Timothy Green was born in Rochester, New York, in 1980. He worked in an mRNA research lab, and as a group home counselor for mentally ill adults, before moving west to serve as editor of the poetry journal RATTLE. His poems have appeared in many journals, including The Connecticut Review, The Florida Review, Fugue, Mid-American Review, and Nimrod International Journal. Green has been nominated for the Pushcart Prize, and is winner of the 2006 Phi Kappa Phi award from the University of Southern California. He lives in Los Angeles with his wife, the poet Megan Green. American Fractal (Red Hen, 2009) is his first book-length collection.

Applauding the Gods
Why we clap at the movies
I’ll never know. Flutter of

hands as the gaffer, key grip,
best boy, take their slow bows

of ascension, those faceless
angels of the film industry

nowhere around, exit music
rolling over reluctantly like

a mother making room.
A friend of mine worked

as an electrician’s assistant
on The Big Lebowski, and

even if this were that film
he wouldn’t hear. Playing

poker once he told us how
his mother cried at the credits,

every time; she said that now
he’d live forever. Immortality

for plugging in a boom mike,
he said, think of that. And I do

think of that, wonder who
here knows someone that

knows someone, who’ll rush
home to a yearbook, giggle

at Cameraman Two’s old
fu manchu, his hundred frames

of heaven. But we stand
and clap as if congratulating

each other on a job well done—
two hours of getting all the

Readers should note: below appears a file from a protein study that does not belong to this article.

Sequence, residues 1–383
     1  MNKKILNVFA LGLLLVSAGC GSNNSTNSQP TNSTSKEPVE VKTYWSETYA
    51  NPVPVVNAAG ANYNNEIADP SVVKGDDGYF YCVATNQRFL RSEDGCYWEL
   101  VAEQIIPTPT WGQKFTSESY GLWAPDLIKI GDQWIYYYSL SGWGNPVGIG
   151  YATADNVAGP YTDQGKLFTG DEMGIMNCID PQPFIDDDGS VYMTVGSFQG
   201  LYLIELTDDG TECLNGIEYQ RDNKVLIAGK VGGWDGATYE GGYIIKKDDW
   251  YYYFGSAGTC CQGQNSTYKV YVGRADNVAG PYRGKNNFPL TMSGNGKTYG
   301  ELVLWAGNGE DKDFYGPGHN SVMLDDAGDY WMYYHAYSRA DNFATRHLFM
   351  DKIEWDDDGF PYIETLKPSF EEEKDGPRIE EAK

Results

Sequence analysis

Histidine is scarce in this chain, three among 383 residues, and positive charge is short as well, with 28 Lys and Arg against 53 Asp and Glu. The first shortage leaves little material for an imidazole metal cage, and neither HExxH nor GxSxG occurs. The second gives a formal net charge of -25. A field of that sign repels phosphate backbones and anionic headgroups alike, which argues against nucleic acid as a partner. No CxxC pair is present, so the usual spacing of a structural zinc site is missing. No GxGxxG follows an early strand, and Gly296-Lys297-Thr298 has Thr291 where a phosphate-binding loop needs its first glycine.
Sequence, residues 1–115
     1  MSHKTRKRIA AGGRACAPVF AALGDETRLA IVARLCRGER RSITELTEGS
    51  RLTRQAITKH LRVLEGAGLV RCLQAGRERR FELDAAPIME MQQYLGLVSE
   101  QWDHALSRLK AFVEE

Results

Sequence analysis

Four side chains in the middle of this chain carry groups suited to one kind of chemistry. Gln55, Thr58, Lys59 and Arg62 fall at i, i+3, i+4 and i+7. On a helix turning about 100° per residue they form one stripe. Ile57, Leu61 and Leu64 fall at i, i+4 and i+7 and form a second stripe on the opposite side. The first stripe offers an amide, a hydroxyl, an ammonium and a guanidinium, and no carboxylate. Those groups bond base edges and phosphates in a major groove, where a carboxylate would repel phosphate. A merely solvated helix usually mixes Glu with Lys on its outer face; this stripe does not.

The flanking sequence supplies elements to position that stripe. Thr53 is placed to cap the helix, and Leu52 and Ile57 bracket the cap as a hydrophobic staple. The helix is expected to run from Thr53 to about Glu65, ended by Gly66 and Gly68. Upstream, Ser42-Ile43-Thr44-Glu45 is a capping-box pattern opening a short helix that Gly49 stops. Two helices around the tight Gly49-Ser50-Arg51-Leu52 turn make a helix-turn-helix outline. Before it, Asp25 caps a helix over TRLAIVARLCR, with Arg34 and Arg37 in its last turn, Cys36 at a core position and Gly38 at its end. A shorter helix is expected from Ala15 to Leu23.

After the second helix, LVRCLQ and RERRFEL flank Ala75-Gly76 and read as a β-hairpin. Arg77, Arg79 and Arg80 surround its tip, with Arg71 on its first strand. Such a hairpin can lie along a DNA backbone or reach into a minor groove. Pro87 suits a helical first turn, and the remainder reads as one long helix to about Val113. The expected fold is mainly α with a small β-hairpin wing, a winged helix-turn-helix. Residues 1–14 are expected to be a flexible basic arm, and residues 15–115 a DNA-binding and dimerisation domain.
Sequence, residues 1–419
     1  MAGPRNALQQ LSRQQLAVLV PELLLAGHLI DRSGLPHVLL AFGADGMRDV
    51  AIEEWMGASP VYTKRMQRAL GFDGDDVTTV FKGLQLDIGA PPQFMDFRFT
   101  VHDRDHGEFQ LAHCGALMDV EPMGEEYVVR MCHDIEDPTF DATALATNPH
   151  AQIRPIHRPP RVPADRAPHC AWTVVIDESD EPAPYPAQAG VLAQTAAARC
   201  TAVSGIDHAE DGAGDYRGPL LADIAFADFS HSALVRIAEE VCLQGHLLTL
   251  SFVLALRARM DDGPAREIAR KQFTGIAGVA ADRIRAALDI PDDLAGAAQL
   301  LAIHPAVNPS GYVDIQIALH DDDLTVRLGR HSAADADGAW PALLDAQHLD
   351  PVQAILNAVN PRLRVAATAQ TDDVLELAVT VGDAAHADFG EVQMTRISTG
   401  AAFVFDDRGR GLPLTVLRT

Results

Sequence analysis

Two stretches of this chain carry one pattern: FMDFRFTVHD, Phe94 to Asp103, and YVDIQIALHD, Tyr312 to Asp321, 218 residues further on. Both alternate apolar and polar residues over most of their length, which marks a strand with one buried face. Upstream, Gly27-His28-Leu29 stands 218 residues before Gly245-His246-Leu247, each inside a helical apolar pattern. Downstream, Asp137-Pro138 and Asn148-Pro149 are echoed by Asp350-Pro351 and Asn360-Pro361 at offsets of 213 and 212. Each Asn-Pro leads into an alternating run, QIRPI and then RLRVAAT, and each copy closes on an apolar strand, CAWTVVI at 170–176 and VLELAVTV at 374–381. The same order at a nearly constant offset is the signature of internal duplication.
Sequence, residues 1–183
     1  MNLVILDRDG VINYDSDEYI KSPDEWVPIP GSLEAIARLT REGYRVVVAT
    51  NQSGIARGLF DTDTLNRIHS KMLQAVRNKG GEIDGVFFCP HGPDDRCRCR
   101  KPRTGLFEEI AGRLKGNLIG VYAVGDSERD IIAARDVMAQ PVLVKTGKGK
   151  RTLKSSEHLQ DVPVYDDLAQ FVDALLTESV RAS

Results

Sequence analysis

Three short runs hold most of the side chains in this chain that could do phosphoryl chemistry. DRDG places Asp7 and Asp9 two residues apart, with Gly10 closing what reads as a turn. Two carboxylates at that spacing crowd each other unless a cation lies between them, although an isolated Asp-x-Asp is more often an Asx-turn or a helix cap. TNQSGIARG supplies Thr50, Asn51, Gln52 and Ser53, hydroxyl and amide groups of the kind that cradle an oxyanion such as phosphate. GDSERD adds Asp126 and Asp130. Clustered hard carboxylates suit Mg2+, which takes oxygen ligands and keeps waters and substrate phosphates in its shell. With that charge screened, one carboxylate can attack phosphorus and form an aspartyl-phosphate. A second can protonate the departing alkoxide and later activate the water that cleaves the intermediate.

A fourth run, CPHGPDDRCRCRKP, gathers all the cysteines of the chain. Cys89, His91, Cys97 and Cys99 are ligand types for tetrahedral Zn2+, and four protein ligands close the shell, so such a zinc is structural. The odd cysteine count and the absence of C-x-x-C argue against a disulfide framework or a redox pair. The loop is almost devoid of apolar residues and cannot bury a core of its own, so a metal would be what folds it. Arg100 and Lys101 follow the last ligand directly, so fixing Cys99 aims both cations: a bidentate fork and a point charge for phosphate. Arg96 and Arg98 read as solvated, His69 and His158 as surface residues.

punchlines, meeting the end
with just enough anticipation.

Overhead and unseen someone
changing reels feels pleased;

the ushers in the corners grab
their brooms and begin to nod.

first published in Los Angeles Review

They could have been us
hours ago. Two figures
huddled hip to hip in their
parkas like one big foam
finger for the sky’s yearly
coughing of sparks and
spangles, these percussive
pops that stand in so often
for independence, the blank
case, the empty shell.
It took the human race
five thousand years to invent
nothing as a concept, I think,
my headlights flashing their
coupling of ooh and ahh,
their addition by subtraction,
long division into unity,
two faces to one mouth—
a numeric ideal found
faster than zero, harder
to lose. Any infant knows
the letter I, the silver look
of a mirror in white light.
They could have been us
studying the many shapes
of one hand inside another,
fleshy certainty of the body
as it tries on disappearance.
The crackle of gunpowder
through the car window,
the yellow sodium glow as
fallen angels of incandescent
ember halo their hair.
Could have been us if only
we’d dressed for the weather;
these cold desert nights,
this copper chloride blue.

first published in Lungfull!

After Hopper 

    Nighthawks, 1942

She says that everything is after Hopper.
That posh hotel—you looked about to slap her,
but never did. Sometimes she’d wait at night
in her blue robe, face folded like the note
you didn’t leave crumpled in a coat pocket.
Sometimes she’d stand in broad daylight, naked
before an open window, flesh so pale
and round and full it seemed about to pull
a tide of ruttish men up from the street.
But mostly it’s the red dress. The cut straight,
sleeveless, loose. And her mouth is only lipstick.
She says you never even see her talk,
but just about to talk, about to smile.
She says that every moment is a jail;
this diner is her prison of endless light,
the ceaseless hour always getting late—
yet no one moves. Her cigarette remains
unlit. The busboy doesn’t lift his hands.
You could write a thousand lines, she says,
on all the things she never does or has.
How she seems so sad she might have cried.
How you only see her almost satisfied.

first published in The Pedestal Magazine

© 2009 Timothy Green

Timothy Green Poet at Moonday Poetry

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